Divorce can be a challenging life transition, especially for your children. It can cause a significant disruption to the family system, often leaving everyone feeling as though the universe is drastically changing. Choosing when and how to tell your children that you and your spouse are divorcing can be an anxiety-provoking process. As parents, we want to do all that we can to protect our children from experiencing discomfort. So when we are presented with the responsibility of sharing this life-changing news, finding the best approach to meet your family’s needs is crucial.
When, Where & How
If possible, share the news when you and your spouse can both be present. This sends the message that the two of you are committed to collaborating as parents even though you will no longer be living together.
Talk to your spouse about appropriate timing and have the conversation in a place where your children will feel most comfortable. Try and allow time for the announcement itself, as well as for processing the information.
Be as honest as possible with your children, but do your best to send the right message…remember your children are not your friends. More specifically, taking into account your children’s developmental ages can give you guidance on how much information to share.
For example, with a younger child, you may approach the discussion by stating, “Mommy and Daddy are having trouble making each other happy. Divorce is something that adults do. It means that we will no longer be married to each other. Even though we will be apart, we still love you just as much…”
For a teen, you may need to offer more detail and reasoning for why the divorce is happening…”We aren’t very good at communicating with one another, and we haven’t been for some time. We’ve fallen out of love and we feel living apart will be the best decision for both of us...”
Acknowledge that your decision to divorce is not their fault. Your children need to know that it is not their responsibility to “fix” things.
Try not to place blame on your partner. It is important to model respect for one another even though differences may be present.
Consider the Emotional Side of Things
It is likely that your children will have various emotional responses to hearing the news. They may even experience symptoms of depression or anxiety. Encourage ongoing communication with your children. Listen to their thoughts and feelings. Ask them how they are doing. Be attentive to any emotional or behavioral setbacks. Your children need to know that they can ask you questions and rely on you for support when they feel confused or need to express their anger, worries or sadness about the situation.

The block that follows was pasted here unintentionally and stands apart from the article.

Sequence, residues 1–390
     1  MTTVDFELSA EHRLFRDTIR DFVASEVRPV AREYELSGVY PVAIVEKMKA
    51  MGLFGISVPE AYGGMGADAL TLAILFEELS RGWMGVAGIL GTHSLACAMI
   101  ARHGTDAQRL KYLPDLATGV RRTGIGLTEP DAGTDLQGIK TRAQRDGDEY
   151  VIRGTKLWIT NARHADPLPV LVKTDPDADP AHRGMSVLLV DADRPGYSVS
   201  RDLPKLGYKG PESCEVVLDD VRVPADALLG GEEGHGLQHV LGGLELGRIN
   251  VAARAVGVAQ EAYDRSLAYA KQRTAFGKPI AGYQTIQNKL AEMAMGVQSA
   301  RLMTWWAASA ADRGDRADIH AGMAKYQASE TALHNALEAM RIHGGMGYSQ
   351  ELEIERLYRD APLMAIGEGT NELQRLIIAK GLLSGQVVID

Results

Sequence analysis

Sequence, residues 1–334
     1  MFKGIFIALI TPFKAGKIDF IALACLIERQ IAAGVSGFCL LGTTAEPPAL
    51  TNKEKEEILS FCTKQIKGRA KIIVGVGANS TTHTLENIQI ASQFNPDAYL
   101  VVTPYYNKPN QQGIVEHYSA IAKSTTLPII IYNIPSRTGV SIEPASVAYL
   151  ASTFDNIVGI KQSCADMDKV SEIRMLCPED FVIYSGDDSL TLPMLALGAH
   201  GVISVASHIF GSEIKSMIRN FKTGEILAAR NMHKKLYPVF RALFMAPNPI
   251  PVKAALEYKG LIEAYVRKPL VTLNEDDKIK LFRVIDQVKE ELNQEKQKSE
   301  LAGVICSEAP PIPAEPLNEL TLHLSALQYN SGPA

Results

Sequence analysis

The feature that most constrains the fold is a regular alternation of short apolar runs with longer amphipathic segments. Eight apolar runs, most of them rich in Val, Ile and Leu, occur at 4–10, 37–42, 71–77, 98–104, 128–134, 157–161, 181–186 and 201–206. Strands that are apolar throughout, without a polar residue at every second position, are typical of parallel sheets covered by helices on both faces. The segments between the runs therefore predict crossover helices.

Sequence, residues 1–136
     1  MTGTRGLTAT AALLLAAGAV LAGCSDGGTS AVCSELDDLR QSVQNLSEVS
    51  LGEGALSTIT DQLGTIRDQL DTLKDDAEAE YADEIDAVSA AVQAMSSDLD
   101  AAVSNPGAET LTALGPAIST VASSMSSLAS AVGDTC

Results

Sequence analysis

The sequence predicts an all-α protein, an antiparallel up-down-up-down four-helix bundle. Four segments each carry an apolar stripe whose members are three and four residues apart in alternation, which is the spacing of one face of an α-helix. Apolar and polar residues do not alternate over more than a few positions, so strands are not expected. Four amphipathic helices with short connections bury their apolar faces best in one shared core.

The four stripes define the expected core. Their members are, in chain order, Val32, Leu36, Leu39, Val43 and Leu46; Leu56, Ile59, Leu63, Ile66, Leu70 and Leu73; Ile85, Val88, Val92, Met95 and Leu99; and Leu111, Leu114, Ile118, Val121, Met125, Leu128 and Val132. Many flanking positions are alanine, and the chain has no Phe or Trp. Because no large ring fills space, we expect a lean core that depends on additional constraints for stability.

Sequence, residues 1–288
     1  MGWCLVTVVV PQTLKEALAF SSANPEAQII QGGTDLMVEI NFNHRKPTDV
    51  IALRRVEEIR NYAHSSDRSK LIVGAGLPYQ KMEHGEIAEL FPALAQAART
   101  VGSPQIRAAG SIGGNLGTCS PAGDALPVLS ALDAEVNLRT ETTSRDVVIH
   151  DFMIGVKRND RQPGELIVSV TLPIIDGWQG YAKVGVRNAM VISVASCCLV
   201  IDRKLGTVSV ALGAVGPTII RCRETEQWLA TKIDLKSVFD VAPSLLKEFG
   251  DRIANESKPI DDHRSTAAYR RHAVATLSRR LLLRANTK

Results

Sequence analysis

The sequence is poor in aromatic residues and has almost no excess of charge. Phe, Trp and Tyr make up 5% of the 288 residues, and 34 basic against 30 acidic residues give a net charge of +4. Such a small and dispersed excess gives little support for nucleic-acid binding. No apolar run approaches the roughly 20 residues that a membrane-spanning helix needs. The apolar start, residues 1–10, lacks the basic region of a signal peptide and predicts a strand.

Demonstrate your unconditional love and support by saying, “I love you” often. Communicate to your children that no matter what happens between you and your spouse, your love for them will never change. Children need to feel secure, especially during a life transition of this sort.
Discuss the changes that will be occurring. Talking about the logistics of how the divorce is going to affect school, time spent with each parent, as well as family and friends, extracurricular sports, etc. is a great way to help your children maintain the comfort of daily routines. Stability and structure is essential.
Be Mindful of Your Own Self-Care
As a parent, your health and well-being is of equal importance. Try and take time to eat and sleep well, exercise and participate in relaxing activities. Spending time with family and friends can also be a cathartic means to processing the divorce.
Maintain an optimistic attitude. Your approach to handling the divorce will have an influence on how your children cope with and adjust to the changes that are occurring.
Consider meeting with a therapist. Obtaining an objective opinion from a counselor can provide additional support for you, as well as your children. You never know, it may offer great opportunities for you and your family to grow in ways you’ve never anticipated.
The therapists at Metta Psychology Group are skilled in helping families navigate the challenges and transitions that come with divorce. Finding you “new normal” will take time and our psychologists are here to support you.